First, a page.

One of France's famed fast trains will try to break the world speed record on rails Tuesday, officials said.
The train, made up of three double-decker cars between two engines, will whiz down a stretch of a new line linking Paris to eastern France, starting the journey from the French capital. It will try to break the 1990 rail record, also held by a French train, of 515.3 kph (320.2 mph).
That should not be too hard since the specially designed train has been outfitted to reach at least 540 kph (335.5 mph) - about the speed of a short-distance freight propeller plane.
The TGV, short for "train de grande vitesse," as France's bullet trains are called, has been equipped with larger wheels than the usual TGV to cover more ground with each rotation and a stronger, 25,000 horsepower engine, said Alain Cuccaroni, in charge of the technical aspects of testing.
Adjustments also have been made to the new track, which opens June 10, notably the banking on turns. Rails were also treated for perfect contact, Cuccaroni said. The electrical tension in the overhead cable was beefed up, from 25,000 volts to 31,000.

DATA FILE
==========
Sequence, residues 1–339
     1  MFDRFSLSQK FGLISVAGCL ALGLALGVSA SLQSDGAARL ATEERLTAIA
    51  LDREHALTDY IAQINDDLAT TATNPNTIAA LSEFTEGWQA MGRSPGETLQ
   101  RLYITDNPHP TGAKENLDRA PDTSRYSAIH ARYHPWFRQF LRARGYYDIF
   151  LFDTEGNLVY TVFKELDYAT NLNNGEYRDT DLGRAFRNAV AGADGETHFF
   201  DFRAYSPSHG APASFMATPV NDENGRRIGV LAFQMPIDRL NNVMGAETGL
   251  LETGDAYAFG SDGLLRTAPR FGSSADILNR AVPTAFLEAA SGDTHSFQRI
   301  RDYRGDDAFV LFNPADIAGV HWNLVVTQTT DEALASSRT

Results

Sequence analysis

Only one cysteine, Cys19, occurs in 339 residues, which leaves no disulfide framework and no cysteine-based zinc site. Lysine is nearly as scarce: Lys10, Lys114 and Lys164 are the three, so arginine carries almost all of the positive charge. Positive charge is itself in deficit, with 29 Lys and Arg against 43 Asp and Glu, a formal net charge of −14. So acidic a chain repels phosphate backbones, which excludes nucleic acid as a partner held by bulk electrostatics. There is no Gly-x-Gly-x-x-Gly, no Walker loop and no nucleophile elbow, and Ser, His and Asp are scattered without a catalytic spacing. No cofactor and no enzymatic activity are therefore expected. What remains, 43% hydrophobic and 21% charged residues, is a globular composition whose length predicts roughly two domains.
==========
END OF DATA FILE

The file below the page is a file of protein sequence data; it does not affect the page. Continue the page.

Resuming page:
The double-decker cars were transformed into a laboratory for the event so that technicians from the state-run rail company SNCF and Alstom, which makes the fast trains, can gather data during the run.
The goal of the operation, called V150, is more than "simply breaking a record," Cuccaroni said. Data from the test should help improve the security and comfort of passengers in the future, he said.
Japan holds the absolute speed record for a train, with its magnetically levitated Maglev train that skims over a guideway on powerful magnetic fields without ever touching the track. The Maglev set a record of 581 kph (361 mph) in 2003.
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